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In this Second Edition of this radical social history of America from Columbus to the present, Howard Zinn includes substantial coverage of the Carter, Reagan and Bush years and an Afterword on the Clinton presidency. Its commitment and vigorous style mean it will be compelling reading for under-graduate and post-graduate students and scholars in American social history and American studies, as well as the general reader.
New York Times Bestseller In the most ambitious one-volume American history in decades, award-winning historian and New Yorker writer Jill Lepore offers a magisterial account of the origins and rise of a divided nation, an urgently needed reckoning with the beauty and tragedy of American history. Written in elegiac prose, Lepore’s groundbreaking investigation places truth itself—a devotion to facts, proof, and evidence—at the center of the nation’s history. The American experiment rests on three ideas—"these truths," Jefferson called them—political equality, natural rights, and the sovereignty of the people. And it rests, too, on a fearless dedication to inquiry, Lepore argues, because self-government depends on it. But has the nation, and democracy itself, delivered on that promise? These Truths tells this uniquely American story, beginning in 1492, asking whether the course of events over more than five centuries has proven the nation’s truths, or belied them. To answer that question, Lepore traces the intertwined histories of American politics, law, journalism, and technology, from the colonial town meeting to the nineteenth-century party machine, from talk radio to twenty-first-century Internet polls, from Magna Carta to the Patriot Act, from the printing press to Facebook News. Along the way, Lepore’s sovereign chronicle is filled with arresting sketches of both well-known and lesser-known Americans, from a parade of presidents and a rogues’ gallery of political mischief makers to the intrepid leaders of protest movements, including Frederick Douglass, the famed abolitionist orator; William Jennings Bryan, the three-time presidential candidate and ultimately tragic populist; Pauli Murray, the visionary civil rights strategist; and Phyllis Schlafly, the uncredited architect of modern conservatism. Americans are descended from slaves and slave owners, from conquerors and the conquered, from immigrants and from people who have fought to end immigration. "A nation born in contradiction will fight forever over the meaning of its history," Lepore writes, but engaging in that struggle by studying the past is part of the work of citizenship. "The past is an inheritance, a gift and a burden," These Truths observes. "It can’t be shirked. There’s nothing for it but to get to know it."
Originally released in 1990, The New American Historyedited for the American Historical Association by Eric Foner, has become an indispensable volume for teachers and students. In essays that chart the shifts in interpretation within their fields, some of our most prominent American historians survey the key works and themes in the scholarship of the last three decades. Along with substantially revised essays from the first edition, this volume presents three entirely new ones - on intellectual history, the history of the West, and the histories of the family and sexuality. The second edition of The New American Historyreflects, in Foner's words, "the continuing vitality and creativity of the study of the past, how traditional fields are being expanded and redefined even as new ones are created." Author note: Eric Foner is DeWitt Clinton Professor of History at Columbia University. He is the author of numerous books, including Reconstruction, 1863-1877which was awarded the Bancroft Prize.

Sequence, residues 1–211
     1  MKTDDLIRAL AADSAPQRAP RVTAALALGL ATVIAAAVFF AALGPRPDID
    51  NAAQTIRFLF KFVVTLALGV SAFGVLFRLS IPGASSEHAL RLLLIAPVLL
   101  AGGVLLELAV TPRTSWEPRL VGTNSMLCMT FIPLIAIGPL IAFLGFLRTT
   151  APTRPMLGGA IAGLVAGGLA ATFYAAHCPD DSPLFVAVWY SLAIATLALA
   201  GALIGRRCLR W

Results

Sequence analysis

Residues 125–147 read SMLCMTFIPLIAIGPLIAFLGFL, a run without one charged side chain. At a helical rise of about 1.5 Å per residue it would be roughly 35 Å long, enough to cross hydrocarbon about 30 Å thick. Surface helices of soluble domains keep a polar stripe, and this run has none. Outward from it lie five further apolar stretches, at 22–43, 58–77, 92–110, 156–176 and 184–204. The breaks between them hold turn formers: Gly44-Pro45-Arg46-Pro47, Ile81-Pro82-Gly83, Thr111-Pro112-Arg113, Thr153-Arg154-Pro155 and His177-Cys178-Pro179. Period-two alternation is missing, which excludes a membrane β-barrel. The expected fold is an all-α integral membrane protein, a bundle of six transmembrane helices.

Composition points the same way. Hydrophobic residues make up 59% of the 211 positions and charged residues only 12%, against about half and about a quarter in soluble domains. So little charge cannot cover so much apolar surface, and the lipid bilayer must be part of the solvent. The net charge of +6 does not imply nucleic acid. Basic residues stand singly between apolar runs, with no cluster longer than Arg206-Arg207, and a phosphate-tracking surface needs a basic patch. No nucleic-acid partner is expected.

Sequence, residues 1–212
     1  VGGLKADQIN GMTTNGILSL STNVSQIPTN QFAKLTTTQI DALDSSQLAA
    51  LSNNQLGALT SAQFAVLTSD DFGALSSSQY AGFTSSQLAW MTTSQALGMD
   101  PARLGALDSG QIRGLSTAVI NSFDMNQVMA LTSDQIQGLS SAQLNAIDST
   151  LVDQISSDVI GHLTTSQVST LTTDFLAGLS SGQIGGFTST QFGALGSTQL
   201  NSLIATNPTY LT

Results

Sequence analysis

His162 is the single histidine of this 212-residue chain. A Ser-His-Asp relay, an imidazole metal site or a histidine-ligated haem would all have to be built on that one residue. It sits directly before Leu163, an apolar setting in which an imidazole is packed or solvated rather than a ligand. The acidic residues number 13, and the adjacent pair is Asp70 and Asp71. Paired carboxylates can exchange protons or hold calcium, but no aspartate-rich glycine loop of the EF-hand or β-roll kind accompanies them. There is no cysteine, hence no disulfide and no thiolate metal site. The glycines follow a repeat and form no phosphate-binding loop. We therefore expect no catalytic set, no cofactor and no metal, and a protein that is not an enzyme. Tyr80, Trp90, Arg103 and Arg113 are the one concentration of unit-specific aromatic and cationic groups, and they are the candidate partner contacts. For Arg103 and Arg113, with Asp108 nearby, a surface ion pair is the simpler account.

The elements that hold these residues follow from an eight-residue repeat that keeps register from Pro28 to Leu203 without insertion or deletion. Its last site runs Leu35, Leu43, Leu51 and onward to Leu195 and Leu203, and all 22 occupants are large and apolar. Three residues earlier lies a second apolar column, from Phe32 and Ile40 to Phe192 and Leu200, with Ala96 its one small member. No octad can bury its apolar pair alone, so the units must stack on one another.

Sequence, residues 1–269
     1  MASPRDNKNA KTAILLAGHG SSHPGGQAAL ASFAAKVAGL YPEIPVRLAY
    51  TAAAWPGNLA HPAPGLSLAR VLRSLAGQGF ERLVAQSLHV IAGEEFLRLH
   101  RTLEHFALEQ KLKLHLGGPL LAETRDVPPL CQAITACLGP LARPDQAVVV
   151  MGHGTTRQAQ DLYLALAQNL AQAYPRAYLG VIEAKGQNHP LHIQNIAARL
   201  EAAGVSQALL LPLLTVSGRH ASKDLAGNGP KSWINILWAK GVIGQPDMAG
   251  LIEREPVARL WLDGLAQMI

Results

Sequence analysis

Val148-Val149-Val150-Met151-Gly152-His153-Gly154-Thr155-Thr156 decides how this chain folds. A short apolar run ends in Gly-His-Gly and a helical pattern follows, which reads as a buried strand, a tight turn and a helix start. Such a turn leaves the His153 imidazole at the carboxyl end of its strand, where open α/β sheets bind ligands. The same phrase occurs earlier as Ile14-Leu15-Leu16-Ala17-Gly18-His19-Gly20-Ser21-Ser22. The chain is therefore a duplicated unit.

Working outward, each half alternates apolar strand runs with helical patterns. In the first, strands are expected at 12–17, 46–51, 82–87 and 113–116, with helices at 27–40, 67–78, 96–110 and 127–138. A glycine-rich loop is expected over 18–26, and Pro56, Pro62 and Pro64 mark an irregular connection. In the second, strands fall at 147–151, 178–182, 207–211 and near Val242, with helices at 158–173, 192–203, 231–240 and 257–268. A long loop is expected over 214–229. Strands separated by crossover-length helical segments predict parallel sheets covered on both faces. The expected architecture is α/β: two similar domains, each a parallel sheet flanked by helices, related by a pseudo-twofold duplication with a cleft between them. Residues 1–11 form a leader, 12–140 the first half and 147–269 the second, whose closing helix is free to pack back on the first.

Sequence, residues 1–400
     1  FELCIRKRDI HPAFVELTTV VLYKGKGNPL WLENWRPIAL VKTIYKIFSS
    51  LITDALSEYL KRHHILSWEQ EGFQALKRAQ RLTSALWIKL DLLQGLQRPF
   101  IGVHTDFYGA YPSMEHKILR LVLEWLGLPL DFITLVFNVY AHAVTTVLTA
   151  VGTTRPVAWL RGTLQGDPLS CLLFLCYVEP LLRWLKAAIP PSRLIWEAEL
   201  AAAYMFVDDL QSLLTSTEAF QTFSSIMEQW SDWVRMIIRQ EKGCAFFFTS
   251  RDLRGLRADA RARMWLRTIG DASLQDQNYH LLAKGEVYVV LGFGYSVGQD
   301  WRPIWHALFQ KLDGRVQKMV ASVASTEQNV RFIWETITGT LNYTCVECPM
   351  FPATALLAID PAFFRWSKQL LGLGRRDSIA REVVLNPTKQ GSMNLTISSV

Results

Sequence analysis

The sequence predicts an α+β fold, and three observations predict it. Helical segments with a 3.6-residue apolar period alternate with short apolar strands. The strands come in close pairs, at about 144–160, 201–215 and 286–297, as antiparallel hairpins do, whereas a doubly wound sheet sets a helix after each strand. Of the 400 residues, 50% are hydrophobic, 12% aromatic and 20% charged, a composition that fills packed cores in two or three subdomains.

Published by OpenStax College, U.S. History covers the breadth of the chronological history of the United States and also provides the necessary depth to ensure the course is manageable for instructors and students alike. U.S. History is designed to meet the scope and sequence requirements of most courses. The authors introduce key forces and major developments that together form the American experience, with particular attention paid to considering issues of race, class and gender. The text provides a balanced approach to U.S. history, considering the people, events and ideas that have shaped the United States from both the top down (politics, economics, diplomacy) and bottom up (eyewitness accounts, lived experience).
The frontier has always been a quintessential part of what makes America unique, and according to renowned historian Frederick Jackson Turner, it did more than stoke the imaginations of early pioneers -- it actually helped to shape American democracy and institutions. This engaging volume explains and expands on Turner's Frontier Thesis, one of the most significant concepts in the study of American history.
There are so many books on so many aspects of the history of the United States, offering such a wide variety of interpretations, that students, teachers, scholars, and librarians often need help and advice on how to find what they want. The Reader's Guide to American History is designed to meet that need by adopting a new and constructive approach to the appreciation of this rich historiography. Each of the 600 entries on topics in political, social and economic history describes and evaluates some 6 to 12 books on the topic, providing guidance to the reader on everything from broad surveys and interpretive works to specialized monographs. The entries are devoted to events and individuals, as well as broader themes, and are written by a team of well over 200 contributors, all scholars of American history.